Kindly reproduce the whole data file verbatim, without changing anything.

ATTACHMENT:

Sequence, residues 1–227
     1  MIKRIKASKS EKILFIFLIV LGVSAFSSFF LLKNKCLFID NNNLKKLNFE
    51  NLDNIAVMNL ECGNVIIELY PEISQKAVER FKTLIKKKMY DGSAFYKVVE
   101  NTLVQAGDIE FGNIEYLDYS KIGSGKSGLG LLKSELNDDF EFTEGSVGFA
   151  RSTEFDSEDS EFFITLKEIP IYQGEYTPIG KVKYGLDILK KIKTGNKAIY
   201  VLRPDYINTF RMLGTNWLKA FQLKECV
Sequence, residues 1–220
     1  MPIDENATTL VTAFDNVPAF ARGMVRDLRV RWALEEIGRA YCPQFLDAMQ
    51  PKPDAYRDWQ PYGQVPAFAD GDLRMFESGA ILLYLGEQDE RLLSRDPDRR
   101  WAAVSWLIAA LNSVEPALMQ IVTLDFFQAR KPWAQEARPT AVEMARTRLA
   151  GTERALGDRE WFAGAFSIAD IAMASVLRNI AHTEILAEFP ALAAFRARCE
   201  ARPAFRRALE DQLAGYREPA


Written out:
Sequence, residues 1–227
     1  MIKRIKASKS EKILFIFLIV LGVSAFSSFF LLKNKCLFID NNNLKKLNFE
    51  NLDNIAVMNL ECGNVIIELY PEISQKAVER FKTLIKKKMY DGSAFYKVVE
   101  NTLVQAGDIE FGNIEYLDYS KIGSGKSGLG LLKSELNDDF EFTEGSVGFA
   151  RSTEFDSEDS EFFITLKEIP IYQGEYTPIG KVKYGLDILK KIKTGNKAIY
   201  VLRPDYINTF RMLGTNWLKA FQLKECV
Sequence, residues 1–220
     1  MPIDENATTL VTAFDNVPAF ARGMVRDLRV RWALEEIGRA YCPQFLDAMQ
    51  PKPDAYRDWQ PYGQVPAFAD GDLRMFESGA ILLYLGEQDE RLLSRDPDRR
   101  WAAVSWLIAA LNSVEPALMQ IVTLDFFQAR KPWAQEARPT AVEMARTRLA
   151  GTERALGDRE WFAGAFSIAD IAMASVLRNI AHTEILAEFP ALAAFRARCE
   201  ARPAFRRALE DQLAGYREPA